The inside of the chicken coop was very nicely furnished and showed evidence of taste and style. The couple bought the Rainbow and paid cash for it. They didn't have a lot of floor or upholstery to drapes to use it on but they bought it anyway. I didn't quibble about making a sale, but I was curious why they lived the way they did. I asked.

They told me they lived there because it was well made and inexpensive to heat and cool and because it was paid for. It was part of the land the husband's father had owned for generations and the only part of his family's once vast holdings he still owned. Taxes and bad management had eaten away at their holdings until almost nothing was left but he was determined to hang onto what he still had and eventually buy back the rest.

He and his wife worked for years, scrimping and saving, denying themselves every luxury--and even children--until they had the money to buy back the land. It was too late. They were in their 70s and they finally realized they had used up their whole life looking toward some day and they forgot to live. They had no family to inherit the land but they had a lot of money. They decided to spend the money fixing up their home and buying all the things they denied themselves over the years. The couple were happy and seemed well suited to each other. There was an easy sense of familiarity in their demeanor and actions.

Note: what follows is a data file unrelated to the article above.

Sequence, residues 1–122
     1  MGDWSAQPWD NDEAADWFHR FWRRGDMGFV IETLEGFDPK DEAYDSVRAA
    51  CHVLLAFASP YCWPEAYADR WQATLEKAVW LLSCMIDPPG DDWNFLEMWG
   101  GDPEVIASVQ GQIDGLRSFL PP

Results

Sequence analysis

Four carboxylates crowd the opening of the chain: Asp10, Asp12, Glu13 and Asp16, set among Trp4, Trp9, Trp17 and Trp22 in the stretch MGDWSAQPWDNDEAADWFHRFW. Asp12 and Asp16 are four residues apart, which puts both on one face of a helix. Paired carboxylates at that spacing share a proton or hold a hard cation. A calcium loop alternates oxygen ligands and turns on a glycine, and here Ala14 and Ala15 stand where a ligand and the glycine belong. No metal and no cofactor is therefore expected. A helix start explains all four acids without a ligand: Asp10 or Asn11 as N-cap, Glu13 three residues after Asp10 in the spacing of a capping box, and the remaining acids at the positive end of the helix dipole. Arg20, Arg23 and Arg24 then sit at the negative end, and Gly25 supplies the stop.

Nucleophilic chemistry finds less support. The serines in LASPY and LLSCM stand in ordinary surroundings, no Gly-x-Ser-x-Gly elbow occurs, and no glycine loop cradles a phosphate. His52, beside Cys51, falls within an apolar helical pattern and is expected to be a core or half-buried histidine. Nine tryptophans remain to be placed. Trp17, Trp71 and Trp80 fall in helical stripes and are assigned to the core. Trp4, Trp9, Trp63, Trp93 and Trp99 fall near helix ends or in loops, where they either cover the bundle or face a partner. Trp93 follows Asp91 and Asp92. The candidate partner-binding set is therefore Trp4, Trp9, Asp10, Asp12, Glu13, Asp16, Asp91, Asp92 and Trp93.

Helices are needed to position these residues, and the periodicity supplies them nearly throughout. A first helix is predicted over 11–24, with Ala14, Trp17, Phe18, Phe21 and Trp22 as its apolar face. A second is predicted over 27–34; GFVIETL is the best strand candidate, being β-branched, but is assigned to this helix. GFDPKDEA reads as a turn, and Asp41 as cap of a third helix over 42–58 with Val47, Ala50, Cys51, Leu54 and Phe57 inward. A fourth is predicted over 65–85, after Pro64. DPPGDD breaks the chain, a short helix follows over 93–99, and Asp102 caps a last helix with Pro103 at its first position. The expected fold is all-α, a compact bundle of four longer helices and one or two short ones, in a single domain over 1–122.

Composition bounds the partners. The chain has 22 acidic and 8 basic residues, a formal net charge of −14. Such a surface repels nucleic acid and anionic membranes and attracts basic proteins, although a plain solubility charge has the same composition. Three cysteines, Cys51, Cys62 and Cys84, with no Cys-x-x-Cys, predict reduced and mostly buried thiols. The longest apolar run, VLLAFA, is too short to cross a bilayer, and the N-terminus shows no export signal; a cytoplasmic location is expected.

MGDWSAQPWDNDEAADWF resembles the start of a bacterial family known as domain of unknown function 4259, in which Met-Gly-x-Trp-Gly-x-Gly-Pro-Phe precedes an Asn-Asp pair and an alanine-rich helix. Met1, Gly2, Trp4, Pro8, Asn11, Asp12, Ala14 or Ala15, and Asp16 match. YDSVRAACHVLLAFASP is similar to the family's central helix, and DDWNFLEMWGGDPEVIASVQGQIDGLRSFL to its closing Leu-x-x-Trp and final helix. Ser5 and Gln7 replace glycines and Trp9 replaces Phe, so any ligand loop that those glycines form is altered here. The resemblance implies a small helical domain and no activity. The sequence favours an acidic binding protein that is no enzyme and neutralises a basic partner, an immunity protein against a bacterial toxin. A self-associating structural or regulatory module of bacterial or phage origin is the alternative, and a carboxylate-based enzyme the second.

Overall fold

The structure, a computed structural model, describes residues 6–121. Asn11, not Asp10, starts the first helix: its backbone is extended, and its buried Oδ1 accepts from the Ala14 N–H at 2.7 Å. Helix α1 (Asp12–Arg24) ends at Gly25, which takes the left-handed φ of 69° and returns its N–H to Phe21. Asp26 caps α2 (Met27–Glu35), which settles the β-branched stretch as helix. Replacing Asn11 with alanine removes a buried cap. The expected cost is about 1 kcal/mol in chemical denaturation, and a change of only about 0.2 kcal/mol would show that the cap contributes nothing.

"I didn't give my wife much luxury over the years and she never complained. She worked right by my side the whole time. I was a fool," he said.

His wife patted his hand and looked up at him with such devotion and love. "Doesn't matter. You're still my fool."